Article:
I think among all the factors you have mentioned, currently, “fear of the other” is the weightiest. Fascistic, xenophobic right radicals are afraid they are “losing their country”, that “Germany will soon cease to be the home of the Germans”, or “a great change (transfer) of population” is taking place in white and Christian Europe, that Europe will soon become Muslim Eurabia etc. I am sure you too have heard/read about this discourse. This fear comes from the deepest layer of our biological, i.e. genetic, makeup.
    You suggest we should all promote “a widespread empathy with people nearby and far afield, and with all other living creatures”. It is a crucial sentence in your essay. The phrase “with people nearby and far afield” would mean: people in Spain, and people from Morocco across the whole North and West Africa to Bangladesh. It is this empathy that prompted Angela Merkel to open the gates of Germany to one million refugees and illegal immigrants. This event also showed the limits to the human capacity to feel empathy for the others. And it is this event that marks the beginning of the recent rise of the until then dormant fascism in Germany (Europe?).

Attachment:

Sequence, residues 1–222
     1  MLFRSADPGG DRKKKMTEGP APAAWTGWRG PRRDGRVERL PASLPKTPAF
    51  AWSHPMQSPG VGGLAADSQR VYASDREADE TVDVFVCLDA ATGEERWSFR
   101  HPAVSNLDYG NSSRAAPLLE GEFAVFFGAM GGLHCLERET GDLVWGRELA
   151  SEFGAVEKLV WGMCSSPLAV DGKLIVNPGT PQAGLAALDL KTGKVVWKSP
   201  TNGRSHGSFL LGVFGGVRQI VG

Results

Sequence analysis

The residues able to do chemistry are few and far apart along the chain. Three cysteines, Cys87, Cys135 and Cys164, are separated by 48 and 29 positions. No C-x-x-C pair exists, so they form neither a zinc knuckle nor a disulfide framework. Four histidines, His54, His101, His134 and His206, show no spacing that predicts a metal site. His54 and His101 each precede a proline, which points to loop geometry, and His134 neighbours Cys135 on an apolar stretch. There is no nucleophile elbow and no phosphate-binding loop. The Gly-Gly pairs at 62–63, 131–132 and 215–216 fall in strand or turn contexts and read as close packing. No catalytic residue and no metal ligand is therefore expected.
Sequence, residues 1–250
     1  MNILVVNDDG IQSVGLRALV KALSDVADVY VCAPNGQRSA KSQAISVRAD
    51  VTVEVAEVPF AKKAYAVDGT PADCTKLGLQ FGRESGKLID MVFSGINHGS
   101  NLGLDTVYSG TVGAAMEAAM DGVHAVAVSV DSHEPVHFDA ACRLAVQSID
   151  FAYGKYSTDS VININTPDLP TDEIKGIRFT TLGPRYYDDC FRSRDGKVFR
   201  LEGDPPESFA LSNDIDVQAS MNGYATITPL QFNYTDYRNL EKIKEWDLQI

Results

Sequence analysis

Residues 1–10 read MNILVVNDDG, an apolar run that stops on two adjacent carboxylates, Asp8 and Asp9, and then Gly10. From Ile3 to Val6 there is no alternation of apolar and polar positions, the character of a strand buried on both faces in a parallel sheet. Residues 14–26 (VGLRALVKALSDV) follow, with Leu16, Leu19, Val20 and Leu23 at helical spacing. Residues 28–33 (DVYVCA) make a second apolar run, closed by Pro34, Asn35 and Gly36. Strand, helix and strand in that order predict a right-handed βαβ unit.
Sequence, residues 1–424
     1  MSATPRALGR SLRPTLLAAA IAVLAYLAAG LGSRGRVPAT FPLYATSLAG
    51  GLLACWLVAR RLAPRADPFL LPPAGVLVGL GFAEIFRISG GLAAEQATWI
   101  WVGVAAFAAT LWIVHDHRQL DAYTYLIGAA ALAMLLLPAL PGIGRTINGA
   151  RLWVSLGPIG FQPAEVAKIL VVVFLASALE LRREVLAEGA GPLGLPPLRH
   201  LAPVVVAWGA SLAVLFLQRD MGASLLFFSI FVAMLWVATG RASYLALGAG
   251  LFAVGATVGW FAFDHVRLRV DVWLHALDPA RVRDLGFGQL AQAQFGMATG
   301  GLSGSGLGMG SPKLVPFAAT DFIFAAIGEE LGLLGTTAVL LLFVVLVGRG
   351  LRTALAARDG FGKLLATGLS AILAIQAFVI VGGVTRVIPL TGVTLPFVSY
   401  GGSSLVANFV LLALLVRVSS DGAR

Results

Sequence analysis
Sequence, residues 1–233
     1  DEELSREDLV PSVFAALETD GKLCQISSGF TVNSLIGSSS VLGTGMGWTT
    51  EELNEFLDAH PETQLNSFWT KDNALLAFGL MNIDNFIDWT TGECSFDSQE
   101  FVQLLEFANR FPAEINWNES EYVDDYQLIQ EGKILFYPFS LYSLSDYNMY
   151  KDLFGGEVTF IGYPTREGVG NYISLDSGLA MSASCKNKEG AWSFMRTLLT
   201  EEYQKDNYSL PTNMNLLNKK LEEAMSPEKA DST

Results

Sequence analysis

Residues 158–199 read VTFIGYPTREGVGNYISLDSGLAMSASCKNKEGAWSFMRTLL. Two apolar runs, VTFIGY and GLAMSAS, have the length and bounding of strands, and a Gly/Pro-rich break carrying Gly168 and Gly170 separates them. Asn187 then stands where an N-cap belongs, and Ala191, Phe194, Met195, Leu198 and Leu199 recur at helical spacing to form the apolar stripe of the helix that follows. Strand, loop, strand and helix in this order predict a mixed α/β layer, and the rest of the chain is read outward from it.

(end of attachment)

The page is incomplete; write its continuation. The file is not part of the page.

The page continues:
Also the phrase “empathy with … all other living creatures” is fraught with significance. You have heard of the ongoing sixth extinction, you know that currently hundreds, if not thousands, of species are becoming extinct every year, that the number of insects (including bees) and plant species as well as of large animals is rapidly dwindling. The main cause of this ongoing extinction is the
growth of both the number of humans living on this planet and of their economic activities.
    In the light of this development, I would like to suggest that the most important thing to do
today is to stop both kinds of growth, that of our own numbers and that of our economies. Addressing people like us – leftist and ecological activists – Prof. Paul Ehrlich once wrote, Whatever [be] your cause, it is a lost cause unless we control population [growth]”. I share this exhortation. Controlling economic growth is at present too big a task for groups of people like us. But we can start a campaign for controlling the numbers of our own species in the known problem countries (of e.g. Africa). That is at present the most important actionable idea that we have been neglecting since long, because most of us have been too afraid to articulate them. But we can start the campaign now.


NB. I have elaborated these views and ideas in some of my blog articles. See